Equities Slip on Earnings Reports and Housing Data
Equity markets fell slightly on a relatively calm week as investors assessed earnings reports and housing data. Global equities (represented by the MSCI All Country World Index) were down -0.29%, and domestic stocks (represented by the S&P 500 Index) were down -0.09%.
US housing data released last week showed a slowing within the housing market as the space feels the effects of the Fed’s tightening policy and elevated mortgage rates. The median existing home sale price fell -0.9% on a year-over year basis in March, the largest decline in 11 years. Additionally, existing home sales dropped on a monthly basis in March by -2.42%.
With about 18% of S&P 500 companies reporting first-quarter earnings, 76% of companies have beat analyst expectations on EPS versus the 77% five-year average according to FactSet. Although revenue growth continues to be positive for many companies, commentary and guidance has been lackluster with concerns including pending recession. According to FactSet, analysts are expecting an overall decline in S&P 500 company earnings which would mark the second consecutive quarter of negative earnings growth.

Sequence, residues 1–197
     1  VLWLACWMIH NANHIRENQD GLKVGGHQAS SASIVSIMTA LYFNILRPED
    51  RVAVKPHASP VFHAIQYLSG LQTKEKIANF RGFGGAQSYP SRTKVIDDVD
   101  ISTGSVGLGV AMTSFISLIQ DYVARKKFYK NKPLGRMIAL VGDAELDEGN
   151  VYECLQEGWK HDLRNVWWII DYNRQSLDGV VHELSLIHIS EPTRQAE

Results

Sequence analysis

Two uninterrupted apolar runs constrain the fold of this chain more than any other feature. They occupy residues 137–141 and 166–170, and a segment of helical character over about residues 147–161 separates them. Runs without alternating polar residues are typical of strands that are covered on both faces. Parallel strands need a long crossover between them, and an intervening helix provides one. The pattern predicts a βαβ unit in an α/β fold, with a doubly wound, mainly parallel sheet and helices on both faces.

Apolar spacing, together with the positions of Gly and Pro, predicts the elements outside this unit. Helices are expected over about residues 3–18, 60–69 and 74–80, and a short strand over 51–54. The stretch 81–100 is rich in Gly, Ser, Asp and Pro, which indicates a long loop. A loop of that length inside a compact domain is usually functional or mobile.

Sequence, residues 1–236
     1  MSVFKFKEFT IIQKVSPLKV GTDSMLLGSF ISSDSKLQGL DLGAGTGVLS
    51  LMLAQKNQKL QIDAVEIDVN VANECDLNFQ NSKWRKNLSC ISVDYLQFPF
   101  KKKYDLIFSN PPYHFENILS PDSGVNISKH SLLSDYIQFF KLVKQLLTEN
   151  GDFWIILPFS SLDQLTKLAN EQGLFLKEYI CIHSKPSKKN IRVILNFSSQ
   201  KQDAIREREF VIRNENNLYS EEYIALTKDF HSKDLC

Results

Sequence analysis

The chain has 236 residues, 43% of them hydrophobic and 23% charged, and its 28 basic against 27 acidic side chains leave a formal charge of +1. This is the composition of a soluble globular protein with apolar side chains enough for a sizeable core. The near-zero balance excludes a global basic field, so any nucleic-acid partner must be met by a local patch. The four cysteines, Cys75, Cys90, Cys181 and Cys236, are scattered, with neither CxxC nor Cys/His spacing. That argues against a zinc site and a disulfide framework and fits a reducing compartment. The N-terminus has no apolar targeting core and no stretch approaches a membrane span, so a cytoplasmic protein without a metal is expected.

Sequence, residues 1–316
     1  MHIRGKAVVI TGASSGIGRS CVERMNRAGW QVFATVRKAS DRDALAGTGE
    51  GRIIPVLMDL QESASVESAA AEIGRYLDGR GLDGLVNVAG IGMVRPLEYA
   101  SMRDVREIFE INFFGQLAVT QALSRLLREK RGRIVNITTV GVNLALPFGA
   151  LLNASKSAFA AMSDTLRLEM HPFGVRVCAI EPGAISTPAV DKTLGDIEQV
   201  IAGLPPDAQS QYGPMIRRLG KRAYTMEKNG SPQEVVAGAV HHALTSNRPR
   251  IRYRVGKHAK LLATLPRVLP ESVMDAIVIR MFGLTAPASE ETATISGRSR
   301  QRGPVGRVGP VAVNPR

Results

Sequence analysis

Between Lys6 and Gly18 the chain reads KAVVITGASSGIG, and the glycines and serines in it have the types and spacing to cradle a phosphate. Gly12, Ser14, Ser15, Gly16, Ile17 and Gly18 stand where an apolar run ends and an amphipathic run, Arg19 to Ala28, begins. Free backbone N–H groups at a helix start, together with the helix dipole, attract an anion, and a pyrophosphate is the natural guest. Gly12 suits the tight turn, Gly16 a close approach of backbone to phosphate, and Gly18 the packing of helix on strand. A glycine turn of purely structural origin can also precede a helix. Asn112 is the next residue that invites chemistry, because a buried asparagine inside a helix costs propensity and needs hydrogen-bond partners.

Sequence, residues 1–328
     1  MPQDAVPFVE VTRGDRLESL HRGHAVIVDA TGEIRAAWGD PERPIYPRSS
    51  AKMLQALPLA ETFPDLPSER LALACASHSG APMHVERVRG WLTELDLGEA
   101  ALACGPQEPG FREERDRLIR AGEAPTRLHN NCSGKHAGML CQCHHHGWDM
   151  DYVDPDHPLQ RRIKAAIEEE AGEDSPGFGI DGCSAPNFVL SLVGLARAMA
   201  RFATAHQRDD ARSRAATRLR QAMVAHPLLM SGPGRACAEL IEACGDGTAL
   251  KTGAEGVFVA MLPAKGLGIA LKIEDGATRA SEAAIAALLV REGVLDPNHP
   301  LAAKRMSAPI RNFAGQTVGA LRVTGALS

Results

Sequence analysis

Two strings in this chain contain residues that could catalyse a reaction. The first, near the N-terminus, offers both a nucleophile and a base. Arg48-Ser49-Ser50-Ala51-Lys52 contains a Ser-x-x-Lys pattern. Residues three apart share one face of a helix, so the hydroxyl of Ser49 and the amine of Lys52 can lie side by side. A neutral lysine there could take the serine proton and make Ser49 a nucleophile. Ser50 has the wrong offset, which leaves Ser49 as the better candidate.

US initial weekly claims for unemployment ticked up slightly last week to 245,000. However, continuing claims rose more than expected to 1.87 million, the highest number since 2021. While the labor market has been largely resilient, investors continue to monitor data which may change the Fed’s direction on rates.
This week US first quarter GDP initial estimates are released. Fourth quarter GDP rose by 2.6%, and economists are expecting a slight slowdown for the first quarter at an annual rate of 2.0%. Another inflation report in the US Personal Consumption Expenditures (PCE) Price Index will be released this week as well. In February, the year-over-year PCE index rose 5.0%, down from its peak in June of 6.98%.
I’d like to leave you with the final line we’ve used since we started these commentaries back at the very height of market volatility in March 2020. Always remember that we create financial/investment plans not for the easy times, but to prepare for the tough ones.